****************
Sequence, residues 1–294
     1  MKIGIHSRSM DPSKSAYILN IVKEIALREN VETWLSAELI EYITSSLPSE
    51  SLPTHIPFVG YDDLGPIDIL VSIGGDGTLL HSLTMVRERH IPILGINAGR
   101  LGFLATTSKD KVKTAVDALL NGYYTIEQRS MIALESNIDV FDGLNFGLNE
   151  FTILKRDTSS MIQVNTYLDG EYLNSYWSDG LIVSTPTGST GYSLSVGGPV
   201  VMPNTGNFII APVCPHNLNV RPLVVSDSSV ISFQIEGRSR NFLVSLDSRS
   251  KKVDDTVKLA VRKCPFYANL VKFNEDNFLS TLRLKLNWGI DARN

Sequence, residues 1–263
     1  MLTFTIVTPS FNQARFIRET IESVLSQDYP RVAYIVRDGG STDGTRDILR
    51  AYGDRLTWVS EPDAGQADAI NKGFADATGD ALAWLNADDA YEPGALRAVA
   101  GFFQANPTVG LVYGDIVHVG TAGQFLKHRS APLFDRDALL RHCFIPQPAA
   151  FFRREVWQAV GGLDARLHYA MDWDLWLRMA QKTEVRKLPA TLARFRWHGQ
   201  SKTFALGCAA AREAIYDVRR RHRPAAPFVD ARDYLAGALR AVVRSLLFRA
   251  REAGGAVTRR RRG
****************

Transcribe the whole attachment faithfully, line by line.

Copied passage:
Sequence, residues 1–294
     1  MKIGIHSRSM DPSKSAYILN IVKEIALREN VETWLSAELI EYITSSLPSE
    51  SLPTHIPFVG YDDLGPIDIL VSIGGDGTLL HSLTMVRERH IPILGINAGR
   101  LGFLATTSKD KVKTAVDALL NGYYTIEQRS MIALESNIDV FDGLNFGLNE
   151  FTILKRDTSS MIQVNTYLDG EYLNSYWSDG LIVSTPTGST GYSLSVGGPV
   201  VMPNTGNFII APVCPHNLNV RPLVVSDSSV ISFQIEGRSR NFLVSLDSRS
   251  KKVDDTVKLA VRKCPFYANL VKFNEDNFLS TLRLKLNWGI DARN

Sequence, residues 1–263
     1  MLTFTIVTPS FNQARFIRET IESVLSQDYP RVAYIVRDGG STDGTRDILR
    51  AYGDRLTWVS EPDAGQADAI NKGFADATGD ALAWLNADDA YEPGALRAVA
   101  GFFQANPTVG LVYGDIVHVG TAGQFLKHRS APLFDRDALL RHCFIPQPAA
   151  FFRREVWQAV GGLDARLHYA MDWDLWLRMA QKTEVRKLPA TLARFRWHGQ
   201  SKTFALGCAA AREAIYDVRR RHRPAAPFVD ARDYLAGALR AVVRSLLFRA
   251  REAGGAVTRR RRG